Violations of the U.S. Flag Code are commonplace
12 hours ago
Announcing the success of its massive "Operation Wagon Train" yesterday, DHS officials insisted the raids that netted nearly 1,300 arrests were about busting up an identity theft ring. The stats tell a different story.
According to DHS' own tally, only 65 of the 1,282 arrests were for criminal violations, including identity-theft related crimes. That means that over 1,200 of the people arrested had no connection to any identity theft rings, and were guilty only of run-of-the-mill immigration violations.
DES MOINES – Governor Tom Vilsack released the following statement today regarding recent incidents in Marshalltown , Iowa :
"The actions at Swift Packing in
Marshalltown yesterday reinforce the demand from Americans that the federal government reform the nation's immigration and enforcement policy.
A straightforward path to lawful citizenship, reinforced with secure borders, is long overdue.
As Iowans, we all share the immediate concern of caring for the children in
who may be without one or both parents.
These innocent children must be protected until they can return safely to their parents. I have directed my office to assist in every way possible so that these children, many of whom were born and go to school in
Iowa, are properly protected.
We will also continue our outreach to families in the
Marshalltown community to ensure they are aware of the resources that state government can provide."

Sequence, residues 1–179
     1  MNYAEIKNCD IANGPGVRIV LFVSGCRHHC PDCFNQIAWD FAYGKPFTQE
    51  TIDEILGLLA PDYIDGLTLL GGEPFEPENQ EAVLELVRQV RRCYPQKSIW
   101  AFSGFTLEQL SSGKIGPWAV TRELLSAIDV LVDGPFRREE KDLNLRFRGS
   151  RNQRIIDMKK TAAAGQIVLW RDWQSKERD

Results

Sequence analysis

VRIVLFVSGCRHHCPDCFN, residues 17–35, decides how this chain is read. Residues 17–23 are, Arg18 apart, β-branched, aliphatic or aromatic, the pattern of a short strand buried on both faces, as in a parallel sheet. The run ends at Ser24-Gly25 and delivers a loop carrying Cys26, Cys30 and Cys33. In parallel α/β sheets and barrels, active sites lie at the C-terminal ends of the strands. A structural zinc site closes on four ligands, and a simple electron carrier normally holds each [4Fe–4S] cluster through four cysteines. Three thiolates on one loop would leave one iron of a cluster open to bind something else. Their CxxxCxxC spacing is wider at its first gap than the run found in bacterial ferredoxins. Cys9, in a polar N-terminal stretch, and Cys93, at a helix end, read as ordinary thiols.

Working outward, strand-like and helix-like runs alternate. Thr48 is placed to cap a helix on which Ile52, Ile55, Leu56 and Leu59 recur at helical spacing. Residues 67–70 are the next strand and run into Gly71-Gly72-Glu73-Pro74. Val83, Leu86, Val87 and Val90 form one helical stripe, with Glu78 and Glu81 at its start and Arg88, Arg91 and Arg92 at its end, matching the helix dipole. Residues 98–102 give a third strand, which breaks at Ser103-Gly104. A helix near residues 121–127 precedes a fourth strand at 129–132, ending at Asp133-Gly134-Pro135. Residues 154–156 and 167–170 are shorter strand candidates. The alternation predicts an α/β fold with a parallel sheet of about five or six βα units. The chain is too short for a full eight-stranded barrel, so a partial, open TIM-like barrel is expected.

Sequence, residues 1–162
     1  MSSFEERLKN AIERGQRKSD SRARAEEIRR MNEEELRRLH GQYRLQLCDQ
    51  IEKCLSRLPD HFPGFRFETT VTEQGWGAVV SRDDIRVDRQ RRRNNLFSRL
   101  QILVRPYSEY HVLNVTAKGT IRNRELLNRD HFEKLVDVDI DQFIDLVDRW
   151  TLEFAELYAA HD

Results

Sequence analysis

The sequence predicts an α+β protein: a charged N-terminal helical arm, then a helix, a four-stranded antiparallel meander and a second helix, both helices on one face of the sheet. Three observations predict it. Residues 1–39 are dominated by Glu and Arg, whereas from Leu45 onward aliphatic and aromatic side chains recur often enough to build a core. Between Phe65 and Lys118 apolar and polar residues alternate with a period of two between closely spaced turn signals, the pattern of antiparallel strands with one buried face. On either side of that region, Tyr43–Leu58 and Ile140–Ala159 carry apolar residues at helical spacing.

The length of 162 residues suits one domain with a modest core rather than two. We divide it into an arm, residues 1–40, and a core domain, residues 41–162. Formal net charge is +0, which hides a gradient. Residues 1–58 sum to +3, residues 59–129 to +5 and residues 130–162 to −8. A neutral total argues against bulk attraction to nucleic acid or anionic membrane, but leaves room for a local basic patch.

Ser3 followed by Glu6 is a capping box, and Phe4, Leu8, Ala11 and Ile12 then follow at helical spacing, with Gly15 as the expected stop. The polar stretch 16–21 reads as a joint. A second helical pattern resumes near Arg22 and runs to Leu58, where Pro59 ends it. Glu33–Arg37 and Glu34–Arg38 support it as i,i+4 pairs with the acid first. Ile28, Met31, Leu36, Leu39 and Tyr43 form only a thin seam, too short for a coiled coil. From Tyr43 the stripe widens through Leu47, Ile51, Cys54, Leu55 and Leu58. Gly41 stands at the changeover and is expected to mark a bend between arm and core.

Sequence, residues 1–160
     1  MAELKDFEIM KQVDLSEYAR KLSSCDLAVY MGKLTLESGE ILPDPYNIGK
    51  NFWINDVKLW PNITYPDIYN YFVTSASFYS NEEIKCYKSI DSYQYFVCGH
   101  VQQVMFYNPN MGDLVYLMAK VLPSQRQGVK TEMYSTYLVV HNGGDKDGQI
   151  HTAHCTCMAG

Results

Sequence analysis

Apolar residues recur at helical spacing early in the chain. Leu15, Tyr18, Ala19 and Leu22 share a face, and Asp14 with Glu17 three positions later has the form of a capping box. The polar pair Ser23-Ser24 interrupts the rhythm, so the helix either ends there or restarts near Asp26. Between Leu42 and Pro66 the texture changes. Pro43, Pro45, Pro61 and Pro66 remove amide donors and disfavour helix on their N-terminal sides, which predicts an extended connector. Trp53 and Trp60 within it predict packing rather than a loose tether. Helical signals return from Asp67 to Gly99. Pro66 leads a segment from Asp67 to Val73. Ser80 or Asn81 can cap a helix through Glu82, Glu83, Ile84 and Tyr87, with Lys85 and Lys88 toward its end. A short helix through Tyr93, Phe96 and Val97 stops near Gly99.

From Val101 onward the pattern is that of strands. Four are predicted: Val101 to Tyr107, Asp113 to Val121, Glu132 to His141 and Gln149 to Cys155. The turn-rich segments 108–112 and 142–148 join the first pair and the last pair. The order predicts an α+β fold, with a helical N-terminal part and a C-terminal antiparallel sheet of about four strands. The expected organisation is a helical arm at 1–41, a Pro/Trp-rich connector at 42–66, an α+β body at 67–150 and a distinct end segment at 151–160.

Sr. Policy Advisor
Office of the Governor
Des Moines , IA 50319
If only for a few minutes, Maria felt like an ''illegal alien'' in her homeland - the United States of America.
She thought she was going on break from her job at the Swift & Co. meat processing plant here on Tuesday, but instead she and others were forced to stand in a line by U.S. immigration agents. Non-Latinos and people with lighter skin were plucked out of line and given blue bracelets.
The rest, mostly Latinos with brown skin, waited until they were ''cleared'' or arrested by ''la migra,'' the popular name in Spanish for Immigration and Customs Enforcement (ICE), employees said.
''I was in the line because of the color of my skin,'' she said. ''They're discriminating against me. I'm from the United States, and I didn't even get a blue bracelet.''
Maria was one of hundreds of plant employees targeted by federal agents.
Coming by any means at their disposal including by foot and by bike, hundreds of thousands are at the Basílica de Guadalupe in Mexico City to celebrate the Virgin of Guadalupe. Today marks the 475th anniversary of the alleged apparition of the Marian image to Juan Diego in 1531. The legend claims that the image apppeared to the Indigenous man in his shawl. The shawl is now in the basilica. Last night, as is traditional , Las Mañanitas was sung.
All over the country, even in places as unlikely as Wisconsin, the faithful are celebrating the dark skinned virgin and Juan Diego, who was made a saint in 2002 by Pope John Paul II.
The Iraq Study Group report calls for major changes in U.S. policy in Iraq -- but doesn't call for the only change that will help solve the horrible crisis there: Bringing all the troops home, now.
Join us in the streets of Washington, D.C., on Saturday, January 27, to deliver a resounding message to the new Congress: We don't want half measures that will only prolong the bloodshed. It's time to bring an immediate end to the war!